The Euro Zone Won't Fail

Article excerpt

Byline: Stefan Theil

Why crisis will only make it stronger.

Speculators have begun betting on an early euro-zone exit by Greece, a politically corrupt, basket-case country that has long cooked its government-debt figures and now faces years of stagnation--if not deflation and depression--as it slashes public deficits and shrinks wages in an attempt to regain competitiveness. In a confidential paper leaked last month, the European Commission warned that "imbalances" between stronger and weaker euro states risk the very existence of the euro itself.

They are wrong. Currency unions don't collapse because weaker members leave them. Were Greece to start printing new drachmas, they would immediately plummet in value against the euro. A super-weak drachma would make Greek wines and vacations very cheap for foreigners, but that gain for Greek competitiveness would be more than offset by bank runs, rampant inflation, and the burden of having to pay back old euro-denominated debts and mortgages with a newly worthless currency. Even if Greece's inept political class decides to take the risk--not unthinkable, since it might be a way to shift blame to outsiders--it would not break the euro zone. The euro would hardly be less stable without Greece, or even without Spain and Portugal. (Together, the three make up only 18 percent of euro-zone GDP.) On the contrary, a euro centered on Germany, France, and a few of the more advanced Central European economies like Poland would make the union stronger, not weaker. The risk of this is not so much the result but the financial and political upheavals in getting there.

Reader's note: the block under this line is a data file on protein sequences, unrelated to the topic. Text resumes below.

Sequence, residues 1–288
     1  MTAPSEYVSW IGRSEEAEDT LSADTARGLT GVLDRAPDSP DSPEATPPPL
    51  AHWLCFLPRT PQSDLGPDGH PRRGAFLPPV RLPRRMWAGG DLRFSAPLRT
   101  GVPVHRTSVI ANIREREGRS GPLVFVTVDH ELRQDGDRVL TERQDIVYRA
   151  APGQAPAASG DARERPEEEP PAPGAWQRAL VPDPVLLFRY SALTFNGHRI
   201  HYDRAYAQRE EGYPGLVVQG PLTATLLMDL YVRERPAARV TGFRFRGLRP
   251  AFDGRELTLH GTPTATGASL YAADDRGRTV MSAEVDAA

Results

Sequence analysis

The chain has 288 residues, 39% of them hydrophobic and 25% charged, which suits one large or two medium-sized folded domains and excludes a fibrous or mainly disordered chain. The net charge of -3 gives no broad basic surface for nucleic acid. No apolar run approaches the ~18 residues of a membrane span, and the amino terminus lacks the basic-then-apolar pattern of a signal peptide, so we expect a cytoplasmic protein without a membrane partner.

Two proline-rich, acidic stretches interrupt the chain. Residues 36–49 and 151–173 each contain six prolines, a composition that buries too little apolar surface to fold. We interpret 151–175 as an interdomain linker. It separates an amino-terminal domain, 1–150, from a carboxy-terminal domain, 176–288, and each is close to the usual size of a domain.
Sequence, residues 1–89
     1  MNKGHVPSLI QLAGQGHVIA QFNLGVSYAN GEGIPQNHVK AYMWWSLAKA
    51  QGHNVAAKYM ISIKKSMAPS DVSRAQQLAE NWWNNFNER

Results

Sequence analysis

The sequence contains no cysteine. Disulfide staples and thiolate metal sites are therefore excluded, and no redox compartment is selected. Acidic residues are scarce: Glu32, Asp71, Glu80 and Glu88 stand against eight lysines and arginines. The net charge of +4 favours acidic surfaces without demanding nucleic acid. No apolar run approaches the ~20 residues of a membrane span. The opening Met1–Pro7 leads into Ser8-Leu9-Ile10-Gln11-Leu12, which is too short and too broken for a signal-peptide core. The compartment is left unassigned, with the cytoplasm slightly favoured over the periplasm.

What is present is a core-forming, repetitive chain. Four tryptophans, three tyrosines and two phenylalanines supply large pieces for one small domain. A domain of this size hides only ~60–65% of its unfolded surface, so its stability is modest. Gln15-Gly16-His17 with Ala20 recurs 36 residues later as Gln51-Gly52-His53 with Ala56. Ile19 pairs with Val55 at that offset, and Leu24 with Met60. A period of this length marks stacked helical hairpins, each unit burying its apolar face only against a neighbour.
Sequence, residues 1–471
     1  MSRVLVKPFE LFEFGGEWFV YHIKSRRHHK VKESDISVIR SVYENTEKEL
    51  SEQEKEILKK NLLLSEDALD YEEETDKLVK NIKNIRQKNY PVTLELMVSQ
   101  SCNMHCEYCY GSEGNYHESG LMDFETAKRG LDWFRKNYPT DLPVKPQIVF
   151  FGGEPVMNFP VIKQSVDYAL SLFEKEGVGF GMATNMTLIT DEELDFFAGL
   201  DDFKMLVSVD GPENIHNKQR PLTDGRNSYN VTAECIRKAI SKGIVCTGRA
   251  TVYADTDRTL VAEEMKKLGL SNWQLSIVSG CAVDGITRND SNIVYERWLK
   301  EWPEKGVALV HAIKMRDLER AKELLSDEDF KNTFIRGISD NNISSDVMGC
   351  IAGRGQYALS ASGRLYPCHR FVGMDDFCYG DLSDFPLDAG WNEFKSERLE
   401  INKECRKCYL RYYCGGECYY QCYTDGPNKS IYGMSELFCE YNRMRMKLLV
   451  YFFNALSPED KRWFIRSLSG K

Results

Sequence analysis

The euro zone would break up not when weaker members leave, but when stronger ones no longer see gains from the arrangement. Today, that cornerstone is Germany. Europe's largest economy has emerged from the crisis bruised but with comparatively healthy public finances and an economic model unquestioned by its people. With the German political class so thoroughly invested in the common currency--and German companies dominating Europe more than ever--that scenario seems highly unrealistic.

On the contrary, Germany is working hard to impose its monetary and fiscal discipline on the rest of Europe. At home, it already has a new constitutional amendment prohibiting deficits starting in 2016. Chancellor Angela Merkel vetoed EU bailouts of weaker economies, forcing countries like Latvia and Hungary to seek the tough love of the IMF. …